The single most important characteristic of a cylinder head is to move a large mass of air. The most important features of cylinder head design, which determine the mass of airflow delivered, are the shape and size of the runners, and the most effective shape is a straight shot down with a big valve opening. It comes as no surprise then that the almighty Chrysler Hemi is one of the most effective cylinder head designs when it comes to moving a boatload of air and fuel into an engine.

Corey Short has been a Mopar enthusiast since his pop, Bill, infected him with Hemi fever as a child. Now finally able to afford it, Corey continues to feed his illness by building Hemis for street and race cars alike. “I’ve been a die-hard Chrysler fan my whole life and growing up and reading these magazines, the Hemi was always the prize jewel for me.” Recently Corey, brother Troy, his pop Bill, and his mother Margie polished off this 514-cube Elephant blasting out over 800 horses for the 2011 AMSOIL Engine Masters Challenge under the team name “Triple S,” to represent the Short family. This was definitely not their first shot at the Engine Masters Challenge though. “We’ve been involved in the Engine Masters since 2004 and we’ve been kind of hooked ever since.”

Corey acted as team leader, but as mentioned above, his father has been a Pentastar patriot since the days of the early, baby Hemis. The first-generation Hemi burst on the automotive scene in late 1950 under the 1951 Fire Power name for Chrysler. Among Chrysler’s Fire Power, DeSoto’s Fire Dome, and Dodge’s Red Ram, the early Hemi blocks shared a deep-skirted Y-block design with their later cousins, but there were a number of subtle differences that kept parts interchangeability to a minimum.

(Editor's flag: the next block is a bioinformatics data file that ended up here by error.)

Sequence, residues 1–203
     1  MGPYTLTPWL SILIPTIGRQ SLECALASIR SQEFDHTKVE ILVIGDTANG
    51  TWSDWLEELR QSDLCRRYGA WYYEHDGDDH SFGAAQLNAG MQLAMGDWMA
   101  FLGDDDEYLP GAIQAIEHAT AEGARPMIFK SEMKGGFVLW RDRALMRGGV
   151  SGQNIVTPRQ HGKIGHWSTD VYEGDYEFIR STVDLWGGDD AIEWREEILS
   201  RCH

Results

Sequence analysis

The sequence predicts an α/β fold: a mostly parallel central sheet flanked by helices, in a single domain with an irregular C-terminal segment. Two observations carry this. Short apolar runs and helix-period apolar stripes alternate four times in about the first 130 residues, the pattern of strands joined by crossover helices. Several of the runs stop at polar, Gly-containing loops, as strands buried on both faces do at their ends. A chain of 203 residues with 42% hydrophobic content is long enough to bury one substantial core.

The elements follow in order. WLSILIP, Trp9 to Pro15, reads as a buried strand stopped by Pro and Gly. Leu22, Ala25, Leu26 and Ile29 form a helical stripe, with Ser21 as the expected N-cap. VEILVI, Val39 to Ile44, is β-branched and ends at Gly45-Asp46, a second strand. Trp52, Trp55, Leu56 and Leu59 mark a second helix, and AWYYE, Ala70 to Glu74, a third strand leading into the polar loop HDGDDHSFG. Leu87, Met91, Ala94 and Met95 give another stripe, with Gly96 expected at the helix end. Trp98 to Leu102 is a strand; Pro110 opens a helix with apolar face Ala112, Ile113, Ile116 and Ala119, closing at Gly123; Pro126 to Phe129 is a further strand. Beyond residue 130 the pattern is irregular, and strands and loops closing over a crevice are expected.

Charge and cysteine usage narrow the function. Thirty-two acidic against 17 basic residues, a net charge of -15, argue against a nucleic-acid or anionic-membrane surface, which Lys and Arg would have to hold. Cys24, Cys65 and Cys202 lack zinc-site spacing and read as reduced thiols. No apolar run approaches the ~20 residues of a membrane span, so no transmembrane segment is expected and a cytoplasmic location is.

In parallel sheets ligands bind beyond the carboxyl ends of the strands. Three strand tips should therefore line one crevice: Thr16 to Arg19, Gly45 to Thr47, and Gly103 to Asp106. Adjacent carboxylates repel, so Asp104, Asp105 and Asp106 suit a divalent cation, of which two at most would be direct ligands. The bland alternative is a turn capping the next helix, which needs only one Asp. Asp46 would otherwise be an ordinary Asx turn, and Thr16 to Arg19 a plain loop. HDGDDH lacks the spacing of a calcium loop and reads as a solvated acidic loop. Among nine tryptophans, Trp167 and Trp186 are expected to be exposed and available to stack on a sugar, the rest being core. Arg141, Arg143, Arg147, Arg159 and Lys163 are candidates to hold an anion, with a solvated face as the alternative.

The first major difference among the Hemi cousins was their different bore center distances, that is, the distance from one cylinder to the next. Though it may not sound overly important, it is the number-one most important factor in parts interchangeability. With different bore centers, head and cranks were automatically removed from any chance of swapping from one family to another. The Red Ram had the shortest bore-center distance of 4.1875 inches. Considering that there needs to be an absolute minimum distance between the cylinders of .200 inch for a head gasket of any type to seal, and typically about .400 inch for a regular composite gasket to seal with a safety factor acceptable to manufacturers, the bore size limitations of Dodge’s early Hemi become readily apparent. As a result, 241-, 270-, 315- and 325-cube entries were the limit for this baby engine.

DeSoto’s Fire Dome Hemi sported a slightly longer bore center dimension of 4.3125 inches. Displacement was a modest 276, 291, and 330 ci from 1952 to 1955, but the additional bore distance allowed a jump to 341 and 345 cubes in 1956 and 1957. Those last two years of the Fire Dome also saw the power output climb to the magical 1hp-per-cube range.

Chrysler opened the floodgates to bigger inch and bigger power potential with their 4.5625-inch bore center distance Fire Power Hemi. Compared to the old small-block Chevy’s 4.400 inches, the Fire Power Hemi had some room to grow. The first version emerged at 331 ci, but quickly grew to 354 inches by 1956, and in 1957 a raised-deck version bumped the size to an impressive 392 ci.

In 1958, the early Hemis fell by the wayside for nearly a decade until Chrysler committed to building an engine capable of winning in the growing NASCAR ranks. They pulled out all the stops and created the second-generation Hemi in late 1964, and it was available in street trim by 1966. The Gen II Hemi was a supersized version of its predecessors and was the basis of Corey’s engine. The Gen II shared a deep-skirted Y-block design of the early versions but added cross-bolted main caps and spread the bore centerlines to a healthy 4.800 inches.